Law in Politics

There is a large gap between real law and formal law, law-in-action and law in books. As it is written, law gets selectively enforced, nullified and unrecognizably transformed as it is put in practice. The reason that this might be happening is that enforcement agencies go through structural dilemmas. There is also a class or racial biases. The approaches that are theoretical of all those who study the phenomenon may vary. However, the open space of law is a society and law theorem that possesses a certain degree of closure. In some case, people tend to relate the law being the same as politics. In some countries, most politicians are lawyers by profession this expedite the process of lawmaking.

Durkheim has not fully exploited the details regarding the concepts of organic and mechanical solidarity, as well as restitutive and repressive law. However, his emphasis about the functions of the law in the provision of social equilibrium is very ingenious and has inspired crucial elaborations that are theoretical over the past decades. There are instances that Durkheim has stated facts that are not clear and thus can be deemed void. This is because he has tried constantly to go against the evidence that has been adapted from proven anthropology. The evidence proves that pre-modern societies employed primary restitutive law as well as the complex modern societies and the need for repressive sanctions.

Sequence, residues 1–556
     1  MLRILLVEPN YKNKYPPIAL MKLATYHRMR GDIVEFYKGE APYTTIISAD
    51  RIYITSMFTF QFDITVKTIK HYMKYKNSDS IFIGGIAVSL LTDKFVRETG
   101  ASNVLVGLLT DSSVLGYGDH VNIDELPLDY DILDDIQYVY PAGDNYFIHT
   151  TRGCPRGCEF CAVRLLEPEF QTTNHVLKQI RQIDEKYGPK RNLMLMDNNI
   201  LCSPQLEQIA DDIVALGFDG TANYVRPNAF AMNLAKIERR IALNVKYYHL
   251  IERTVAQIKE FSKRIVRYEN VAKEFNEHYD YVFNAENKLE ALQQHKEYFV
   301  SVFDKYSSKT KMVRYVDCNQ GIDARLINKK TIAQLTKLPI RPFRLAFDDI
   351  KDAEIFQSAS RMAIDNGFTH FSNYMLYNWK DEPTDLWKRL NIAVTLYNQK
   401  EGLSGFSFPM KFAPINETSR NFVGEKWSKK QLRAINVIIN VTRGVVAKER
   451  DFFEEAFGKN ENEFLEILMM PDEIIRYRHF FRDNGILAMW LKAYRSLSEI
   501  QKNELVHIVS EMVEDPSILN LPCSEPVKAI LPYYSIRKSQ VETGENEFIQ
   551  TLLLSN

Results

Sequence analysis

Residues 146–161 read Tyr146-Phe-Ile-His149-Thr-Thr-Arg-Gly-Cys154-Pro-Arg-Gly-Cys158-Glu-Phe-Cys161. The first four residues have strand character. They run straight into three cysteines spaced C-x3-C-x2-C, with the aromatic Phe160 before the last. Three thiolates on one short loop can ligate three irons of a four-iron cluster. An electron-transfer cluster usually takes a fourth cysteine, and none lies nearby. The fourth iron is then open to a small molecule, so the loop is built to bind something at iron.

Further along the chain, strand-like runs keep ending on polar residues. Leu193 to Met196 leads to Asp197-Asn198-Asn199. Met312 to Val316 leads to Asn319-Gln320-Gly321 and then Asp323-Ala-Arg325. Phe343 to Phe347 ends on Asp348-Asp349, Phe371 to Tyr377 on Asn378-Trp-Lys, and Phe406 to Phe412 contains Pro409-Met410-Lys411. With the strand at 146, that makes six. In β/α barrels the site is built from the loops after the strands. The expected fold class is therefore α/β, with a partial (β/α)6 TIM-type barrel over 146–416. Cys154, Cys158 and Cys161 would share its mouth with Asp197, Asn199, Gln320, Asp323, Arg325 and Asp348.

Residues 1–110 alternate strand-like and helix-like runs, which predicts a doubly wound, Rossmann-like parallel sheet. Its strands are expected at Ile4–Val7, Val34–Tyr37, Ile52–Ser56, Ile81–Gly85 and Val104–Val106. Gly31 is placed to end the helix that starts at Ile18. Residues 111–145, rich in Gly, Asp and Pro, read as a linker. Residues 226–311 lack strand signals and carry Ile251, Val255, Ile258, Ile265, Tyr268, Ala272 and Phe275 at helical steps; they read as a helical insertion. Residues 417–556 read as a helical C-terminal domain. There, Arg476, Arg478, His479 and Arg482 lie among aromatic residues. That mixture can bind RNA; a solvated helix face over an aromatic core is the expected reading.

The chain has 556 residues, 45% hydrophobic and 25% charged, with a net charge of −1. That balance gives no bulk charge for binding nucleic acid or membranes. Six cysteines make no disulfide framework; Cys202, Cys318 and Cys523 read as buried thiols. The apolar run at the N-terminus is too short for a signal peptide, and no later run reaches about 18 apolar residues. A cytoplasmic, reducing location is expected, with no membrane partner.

Going by the sentiments of Karl Marx, there is an argument that can be drawn that there is coercion that is involved in this case. Many people in the present society work in the capitalist workplace or starve. The law that exists today follows religiously the societal contours and the economic base. It is also implicated in shaping the contours of the society. The legal ideology of concerning the free contract advanced by lawyers is usually central as it supplied a very normative justification for the dismantling of the hereditary bonds and forced feudal relations servitude.

It is correct to state that human societies across place and time have always punished their members, as a result, of violating one set of law, or another. However, it is always difficult to conjure up a simple form of punished that has never been used at any particular or specific time in history. There have been instances of mutilation, humiliation, beheading, and imprisonment and many other crude ways of punishment that have been used for a long time in the history of all societies. Some societies offer more crude punishments than the others depending on the various crimes against the law that has been committed. By just a preview from history, there seems to have been a sequential form of punishment that has been employed. There is a question that has to be asked, regarding what drives this pattern. The simplest explanation can be that the form of punishments is dictated by the economic production system that a society is experiencing. There is also the issue of the population size that is relative to all labor requirements as well as the type of labor that is required.

Conclusively, the bottom line is that there are differently indecipherable notes, pieces and bits of nuance, as well as conflicting records, are alternatively tyrannical or indifferent. This leads to the opinion of a subversive expose of the self-representation of the law. Thus, law is made more compelling, with a touch of a seductive engagement. Law stands for all individuals regardless of their affiliation making it inevitable to engage politics in law.

Works Cited

Calavita, Kitty. Invitation to Law and Society: An Introduction to the Study of Real Law, 2010.

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Sociological perspectives of C. Wright Mills, Karl Marx, and Peter Berger

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